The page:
Impact of Chemical Abuse on the Body
We’ve all seen the advertisements—there’s a pill for every ill these days. Wonderful images of happy, well-adjusted folks; and then there’s the small print and the litany of side effects, up to and including death. But, hey, you’re not afraid to go outside anymore! And these are the “legal” drugs—they have to come with warning labels.
Illegal drugs are not accompanied by warning labels and often have a more devastating impact on our bodies. All drugs have side effects; all side effects are compounded exponentially when the abuse is excessive. Even tobacco products carry warning labels. Consider this your warning label for alcohol and chemical drug abuse.
Researchers have found a connection between chemical abuse and cardiovascular problems, including collapsed veins and bacterial infections of the blood vessels and heart valves, abnormal heart rate, and heart attacks. Drug abuse can lead to a variety of respiratory problems, including slowed breathing, blockage of air into the lungs, and exacerbated asthmatic symptoms.
Chemical abuse can cause nausea, vomiting, abdominal pain, kidney damage or failure, significant liver damage, muscle breakdown, and global body changes such as dramatic swings in appetite and increases in body temperature which may impact a variety of health conditions.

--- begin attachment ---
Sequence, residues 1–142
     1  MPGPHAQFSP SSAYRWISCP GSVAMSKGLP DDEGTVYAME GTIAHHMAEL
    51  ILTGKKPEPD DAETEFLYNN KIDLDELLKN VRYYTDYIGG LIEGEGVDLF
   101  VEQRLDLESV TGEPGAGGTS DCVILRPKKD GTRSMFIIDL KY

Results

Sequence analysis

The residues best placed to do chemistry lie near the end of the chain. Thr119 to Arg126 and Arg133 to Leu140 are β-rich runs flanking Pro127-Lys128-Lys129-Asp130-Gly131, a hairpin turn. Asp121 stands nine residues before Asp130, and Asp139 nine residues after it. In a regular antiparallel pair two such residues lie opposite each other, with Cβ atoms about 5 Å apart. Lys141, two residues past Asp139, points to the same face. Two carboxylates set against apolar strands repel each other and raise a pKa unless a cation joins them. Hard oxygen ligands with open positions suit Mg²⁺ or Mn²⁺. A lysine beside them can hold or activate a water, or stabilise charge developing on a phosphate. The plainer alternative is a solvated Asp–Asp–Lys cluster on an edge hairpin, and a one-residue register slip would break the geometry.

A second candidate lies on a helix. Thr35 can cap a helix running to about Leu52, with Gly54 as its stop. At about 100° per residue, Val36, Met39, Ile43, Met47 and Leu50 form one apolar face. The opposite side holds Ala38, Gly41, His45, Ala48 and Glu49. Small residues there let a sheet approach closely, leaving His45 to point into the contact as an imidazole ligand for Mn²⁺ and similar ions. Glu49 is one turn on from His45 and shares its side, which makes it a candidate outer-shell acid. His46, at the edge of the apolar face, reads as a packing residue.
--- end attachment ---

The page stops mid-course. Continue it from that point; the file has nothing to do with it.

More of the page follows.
Makes You Wonder…
Why would people do this to themselves? Perhaps because chemical abuse:
- Creates muscle loss due to poor protein intake, and can cause muscular inflammation and increased fat deposits and high blood pressure.
- Irritates the stomach increasing the risk of ulcers and gastric distress.
- Overworks the liver preventing bile production and filtering operations.
- Irritates the pancreas causing swelling which may block the flow of enzymes into the stomach resulting in digestive difficulties and diabetes.
- Inflames the kidneys causing frequent infections and increased water output resulting in excessive nutrient loss.
- Irritates, sedates, and aggravates the nervous system, none of which is good.
- Irritates and sedates membranes, including the esophagus, stomach, and rectum.
- Slows or increases transit time in the intestines, increasing the risk of poor absorption and certain types of cancer.
- Creates poor elimination via the rectum, potential diarrhea, and may cause hemorrhoids.
- Depletes the body of nutrients for healthy-looking hair and skin.
The human brain does not escape these calamities. All drugs of abuse act in the brain to produce their euphoric effects; conversely, they can act upon the brain to cause seizures, stroke, widespread brain damage that can impact all aspects of daily life, and changes in the brain that may lead to problems with memory, attention, decision-making, and even paranoia, depression, aggression, and hallucinations.
Drug abuse can also inhibit cognitive functions, including learning and reasoning. Drugs can also foster overpowering maladaptive associations that may establish future cravings and drug-seeking behaviors, and create cognitive deficits that hamper sustained abstinence.